Instacart gig workers have a smartphone app with scanning tools at their disposal to fulfill delivery orders — but what if regular shoppers could use them, too? The grocery delivery service plans to bring everyday shoppers into “connected stores” where they can use a rolling smart cart with built-in support for lists, ordering deli meats or baked goods, finding items and self-checkout.
The star of the show is Instacart’s upgraded “Caper Cart,” a smart cart that can detect which items are placed on your list — based on computer vision and weight — and check them off in your app. It has a large touchscreen and an attached payment terminal that syncs your grocery list from your app, so you can self-checkout without waiting to use a terminal. Earlier versions were in place at select Kroger stores, but were made before Instacart bought Caper AI a year ago.
According to Instacart, the new cart is thinner, lighter and holds 65 percent more products. The company claims that this is the only smart cart that can recharge batteries by stacking carts instead of swapping batteries. They also accept broadcast software updates. But if you can’t get one of these carts, you can also use in-app Scan & Pay to check yourself out.
On the surface, this kind of Instacart delivery goes against the service’s goal: to eliminate the inconvenience of going to the grocery store yourself. But as the pandemic subsides, demand for online delivery services is falling and hurting the bottom lines of companies like Instacart, Uber and DoorDash.
Small grocers don’t have the resources to match the Amazons and Walmarts of the world
But people love the ability to make lists, go to the store, and have things ready and waiting for them, while still having the flexibility to call someone who will listen and grab a few extra, unplanned items. Big grocers are spending the money needed to add app-connected shopping and self-checkout, while Amazon’s cashier-less tech is becoming more accessible — all of which smaller grocers lack the resources to match.
Instacart is working on: Building a white label smart shopping ecosystem that can provide any store with a digital storefront or patch an existing one to work with the Instacart app. “Today, they have traditional curbside and same-day delivery services,” e-commerce expert Cassie Socha begins by telling us what inspires Instacart. “When I’m at the grocery store and I see the Instacart logo that helps me checkout seamlessly, similar to the Amazon Go experience, I might try that and adopt that new behavior because for me in some way, shape or form Instacart saves me time.
It’s a sentiment that’s consistent with US consumers’ shopping plans for this holiday: 38 percent of them plan to use a combination of online ordering for in-store pickup, using mobile payments, using online catalogs and curbside pickup. According to Gartner Consumer Insights, demand for same-day deliveries is light but strong.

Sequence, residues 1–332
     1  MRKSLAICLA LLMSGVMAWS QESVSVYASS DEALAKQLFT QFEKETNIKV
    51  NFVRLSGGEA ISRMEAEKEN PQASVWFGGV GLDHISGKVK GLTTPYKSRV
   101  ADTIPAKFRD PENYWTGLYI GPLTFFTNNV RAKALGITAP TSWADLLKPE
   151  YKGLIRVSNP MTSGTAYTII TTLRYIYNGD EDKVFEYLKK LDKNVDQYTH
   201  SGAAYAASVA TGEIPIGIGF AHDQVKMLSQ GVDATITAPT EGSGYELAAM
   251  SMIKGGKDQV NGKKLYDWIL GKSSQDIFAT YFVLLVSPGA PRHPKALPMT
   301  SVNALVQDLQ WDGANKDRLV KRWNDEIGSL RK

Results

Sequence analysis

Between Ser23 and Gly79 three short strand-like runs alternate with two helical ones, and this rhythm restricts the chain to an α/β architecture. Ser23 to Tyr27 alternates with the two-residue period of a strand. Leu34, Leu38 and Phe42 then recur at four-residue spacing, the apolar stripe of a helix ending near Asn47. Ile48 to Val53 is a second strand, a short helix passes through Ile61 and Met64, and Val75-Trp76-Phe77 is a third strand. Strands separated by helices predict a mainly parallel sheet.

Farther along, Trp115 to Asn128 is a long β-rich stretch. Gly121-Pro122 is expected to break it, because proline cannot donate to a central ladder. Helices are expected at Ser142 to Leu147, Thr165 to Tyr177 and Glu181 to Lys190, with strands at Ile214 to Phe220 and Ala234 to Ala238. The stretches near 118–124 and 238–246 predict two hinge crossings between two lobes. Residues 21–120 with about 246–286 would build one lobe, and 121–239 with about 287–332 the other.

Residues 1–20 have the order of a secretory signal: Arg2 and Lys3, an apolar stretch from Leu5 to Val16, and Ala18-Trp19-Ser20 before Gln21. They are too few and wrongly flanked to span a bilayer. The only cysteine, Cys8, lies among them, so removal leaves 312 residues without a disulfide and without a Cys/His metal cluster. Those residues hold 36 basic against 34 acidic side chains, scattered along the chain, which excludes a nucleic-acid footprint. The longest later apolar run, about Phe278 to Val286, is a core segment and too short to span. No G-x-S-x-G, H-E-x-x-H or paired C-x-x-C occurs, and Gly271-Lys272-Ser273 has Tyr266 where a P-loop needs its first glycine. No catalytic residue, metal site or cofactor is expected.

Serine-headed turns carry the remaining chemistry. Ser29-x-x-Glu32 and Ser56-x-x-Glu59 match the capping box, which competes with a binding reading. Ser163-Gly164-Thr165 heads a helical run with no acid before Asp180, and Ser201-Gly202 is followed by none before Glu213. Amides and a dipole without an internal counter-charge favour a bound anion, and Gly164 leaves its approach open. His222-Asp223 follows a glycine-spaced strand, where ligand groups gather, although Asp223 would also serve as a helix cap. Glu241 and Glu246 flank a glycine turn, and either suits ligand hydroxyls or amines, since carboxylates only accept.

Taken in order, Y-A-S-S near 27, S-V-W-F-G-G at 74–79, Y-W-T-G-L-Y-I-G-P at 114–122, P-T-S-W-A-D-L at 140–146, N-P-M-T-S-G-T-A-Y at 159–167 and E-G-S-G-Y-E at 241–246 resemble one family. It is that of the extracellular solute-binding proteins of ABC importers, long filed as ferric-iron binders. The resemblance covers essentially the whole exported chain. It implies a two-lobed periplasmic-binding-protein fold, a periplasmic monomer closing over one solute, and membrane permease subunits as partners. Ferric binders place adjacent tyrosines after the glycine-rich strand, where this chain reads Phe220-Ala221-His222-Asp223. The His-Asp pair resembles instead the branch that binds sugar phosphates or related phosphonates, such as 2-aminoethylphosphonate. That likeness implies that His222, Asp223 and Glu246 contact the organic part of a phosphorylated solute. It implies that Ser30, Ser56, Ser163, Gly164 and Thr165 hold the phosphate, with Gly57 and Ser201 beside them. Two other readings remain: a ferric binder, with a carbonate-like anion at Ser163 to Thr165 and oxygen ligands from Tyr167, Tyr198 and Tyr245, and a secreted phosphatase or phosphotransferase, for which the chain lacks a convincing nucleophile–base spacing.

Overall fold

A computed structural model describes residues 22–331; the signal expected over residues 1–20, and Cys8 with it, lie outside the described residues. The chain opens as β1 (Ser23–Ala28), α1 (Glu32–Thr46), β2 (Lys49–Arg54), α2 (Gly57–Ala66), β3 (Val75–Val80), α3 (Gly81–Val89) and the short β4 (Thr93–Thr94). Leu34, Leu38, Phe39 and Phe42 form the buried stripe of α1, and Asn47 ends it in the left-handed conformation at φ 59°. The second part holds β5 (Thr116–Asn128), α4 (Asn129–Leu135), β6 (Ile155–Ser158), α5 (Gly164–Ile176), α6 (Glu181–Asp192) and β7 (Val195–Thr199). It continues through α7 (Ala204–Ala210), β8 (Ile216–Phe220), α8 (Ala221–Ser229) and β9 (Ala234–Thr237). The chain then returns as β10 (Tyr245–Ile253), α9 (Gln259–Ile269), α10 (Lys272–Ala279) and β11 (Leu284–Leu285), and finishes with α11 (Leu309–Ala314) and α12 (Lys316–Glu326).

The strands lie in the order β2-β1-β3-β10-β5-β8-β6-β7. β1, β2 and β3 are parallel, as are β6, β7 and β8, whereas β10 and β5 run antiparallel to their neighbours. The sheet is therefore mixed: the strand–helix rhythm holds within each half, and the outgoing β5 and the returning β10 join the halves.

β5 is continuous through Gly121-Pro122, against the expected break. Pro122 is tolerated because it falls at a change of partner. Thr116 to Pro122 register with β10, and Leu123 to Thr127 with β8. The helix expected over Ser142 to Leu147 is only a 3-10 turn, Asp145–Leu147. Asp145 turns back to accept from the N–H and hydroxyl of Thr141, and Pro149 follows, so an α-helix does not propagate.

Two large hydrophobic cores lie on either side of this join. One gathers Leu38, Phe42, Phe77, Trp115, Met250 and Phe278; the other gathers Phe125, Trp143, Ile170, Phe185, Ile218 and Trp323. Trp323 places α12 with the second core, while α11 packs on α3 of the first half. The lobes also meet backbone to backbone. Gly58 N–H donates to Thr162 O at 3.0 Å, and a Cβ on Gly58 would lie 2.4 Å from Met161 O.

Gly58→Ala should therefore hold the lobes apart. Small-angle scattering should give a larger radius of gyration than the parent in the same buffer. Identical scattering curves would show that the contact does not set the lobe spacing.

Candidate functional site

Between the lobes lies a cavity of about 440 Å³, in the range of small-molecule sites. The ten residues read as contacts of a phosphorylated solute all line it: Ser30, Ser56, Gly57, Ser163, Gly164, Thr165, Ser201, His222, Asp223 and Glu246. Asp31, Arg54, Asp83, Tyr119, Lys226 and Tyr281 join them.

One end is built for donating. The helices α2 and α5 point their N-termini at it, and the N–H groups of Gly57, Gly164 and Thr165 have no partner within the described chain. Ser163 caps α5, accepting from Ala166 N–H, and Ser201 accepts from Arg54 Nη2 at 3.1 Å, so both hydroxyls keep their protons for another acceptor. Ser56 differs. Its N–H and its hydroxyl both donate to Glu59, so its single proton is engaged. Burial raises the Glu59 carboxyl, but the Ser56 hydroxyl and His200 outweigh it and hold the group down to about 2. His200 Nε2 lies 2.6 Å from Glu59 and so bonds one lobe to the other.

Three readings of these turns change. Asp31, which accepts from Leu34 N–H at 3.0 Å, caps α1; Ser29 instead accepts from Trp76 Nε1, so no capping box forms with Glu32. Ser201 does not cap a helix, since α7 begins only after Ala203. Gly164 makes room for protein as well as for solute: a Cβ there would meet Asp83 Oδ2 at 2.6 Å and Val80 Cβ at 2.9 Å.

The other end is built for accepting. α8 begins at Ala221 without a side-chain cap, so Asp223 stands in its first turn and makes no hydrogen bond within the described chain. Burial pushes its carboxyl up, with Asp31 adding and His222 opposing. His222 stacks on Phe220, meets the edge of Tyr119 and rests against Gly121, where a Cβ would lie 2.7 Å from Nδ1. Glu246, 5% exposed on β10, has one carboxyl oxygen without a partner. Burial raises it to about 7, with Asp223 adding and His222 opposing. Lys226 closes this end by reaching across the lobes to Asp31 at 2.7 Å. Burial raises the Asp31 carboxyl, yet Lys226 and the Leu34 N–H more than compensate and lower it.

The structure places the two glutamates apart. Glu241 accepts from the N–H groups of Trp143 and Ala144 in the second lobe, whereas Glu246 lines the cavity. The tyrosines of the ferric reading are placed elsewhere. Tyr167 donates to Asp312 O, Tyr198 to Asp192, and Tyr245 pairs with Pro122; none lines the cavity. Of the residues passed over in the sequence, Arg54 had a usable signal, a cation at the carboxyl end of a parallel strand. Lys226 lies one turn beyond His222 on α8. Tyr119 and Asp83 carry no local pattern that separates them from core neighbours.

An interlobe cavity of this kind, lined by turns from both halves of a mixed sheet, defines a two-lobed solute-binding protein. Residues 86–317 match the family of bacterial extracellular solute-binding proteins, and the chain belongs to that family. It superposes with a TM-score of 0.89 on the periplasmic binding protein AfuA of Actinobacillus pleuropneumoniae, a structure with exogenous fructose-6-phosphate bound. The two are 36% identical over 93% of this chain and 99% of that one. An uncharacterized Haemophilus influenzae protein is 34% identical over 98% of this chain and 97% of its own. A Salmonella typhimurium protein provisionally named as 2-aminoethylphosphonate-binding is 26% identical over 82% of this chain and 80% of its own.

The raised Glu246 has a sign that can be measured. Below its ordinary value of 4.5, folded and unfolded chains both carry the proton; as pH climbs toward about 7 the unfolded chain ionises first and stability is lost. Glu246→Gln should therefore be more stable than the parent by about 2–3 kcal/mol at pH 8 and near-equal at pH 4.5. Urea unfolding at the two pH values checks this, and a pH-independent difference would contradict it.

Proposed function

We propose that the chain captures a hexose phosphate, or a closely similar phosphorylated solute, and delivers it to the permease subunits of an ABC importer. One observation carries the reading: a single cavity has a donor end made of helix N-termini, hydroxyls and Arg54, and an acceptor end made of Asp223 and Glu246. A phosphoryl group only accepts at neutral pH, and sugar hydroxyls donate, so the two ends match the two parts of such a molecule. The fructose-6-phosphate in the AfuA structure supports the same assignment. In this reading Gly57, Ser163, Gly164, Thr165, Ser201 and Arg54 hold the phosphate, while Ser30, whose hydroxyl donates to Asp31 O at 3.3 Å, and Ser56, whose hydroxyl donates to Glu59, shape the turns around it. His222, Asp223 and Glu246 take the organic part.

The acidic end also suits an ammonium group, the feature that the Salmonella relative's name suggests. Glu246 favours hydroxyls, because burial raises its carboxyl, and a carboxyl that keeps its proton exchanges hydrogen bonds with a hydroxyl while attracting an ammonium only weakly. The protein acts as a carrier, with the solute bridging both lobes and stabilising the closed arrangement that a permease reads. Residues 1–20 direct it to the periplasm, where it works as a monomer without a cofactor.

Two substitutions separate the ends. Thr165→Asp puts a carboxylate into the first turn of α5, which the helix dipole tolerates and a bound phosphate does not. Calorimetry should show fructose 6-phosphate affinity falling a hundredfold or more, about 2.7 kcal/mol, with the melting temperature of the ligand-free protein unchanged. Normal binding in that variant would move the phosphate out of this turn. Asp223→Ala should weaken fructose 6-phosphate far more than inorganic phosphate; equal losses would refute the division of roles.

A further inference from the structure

Socha says to the edge Retailers big and small are looking to Instacart for software that’s ready to get their services up and running quickly so they can “compete with the Amazons and Walmarts of the world at the same speed.” Instacart currently works with more than 900 retailers in 75,000 stores in North America, according to Socha.
Instacart’s software suite is a core part of its connected stores, taking what it’s learned from partnerships with grocers like Publix and Wegmans and expanding on it. Wisely Any grocery store. It also takes all of the company’s fulfillment, insights and advertising tools to create a vertical solution that integrates stores’ digital storefront with Instacart — which it says saves the store money compared to a complete overhaul. Store operations also get better stock insights and save time by ordering items that are expected to be out of stock.
For shoppers, the system isn’t as fast as the systems that operate at certain Whole Foods and Amazon Go stores, such as picking something up and checking out. However, you can order deli meat, baked goods and fresh food in the same interface. And on the grocery end, the updated Instacart FoodStorm ordering system combines kiosk / ticket orders and online into one place.
And if you’re having trouble finding something, the company has special e-ink price tags that can flash a light, drawing your attention to the right spot in the aisle. They’re called carrot tags, and often they display a QR code, so you can scan it and see more information on the product. The tag also displays other useful information on the fly, such as if the product is gluten-free, kosher, organic, etc. It also tells you if an item is EBT or SNAP eligible.
Bristol Farms in Irvine, Calif., will be the first of Instacart’s “connected stores” to be fully equipped with all-new technology. You can also go to the Wakefern Food Corporation store to try the caper carts as well. All this will be revealed in the “coming months”. Instacart’s partnership with Walmart for same-day grocery delivery is an attempt to challenge Amazon, and it comes at the e-commerce/retail giant from another angle. But Amazon could fight back as it makes tools like palm-reading biometric payment systems available to non-Amazon companies.
Correction Monday September 19, 2022 10:27AM ET: An earlier version of the article stated that the partnership between Walmart and Instacart had ended. In fact, The partnership is still active. We regret the mistake.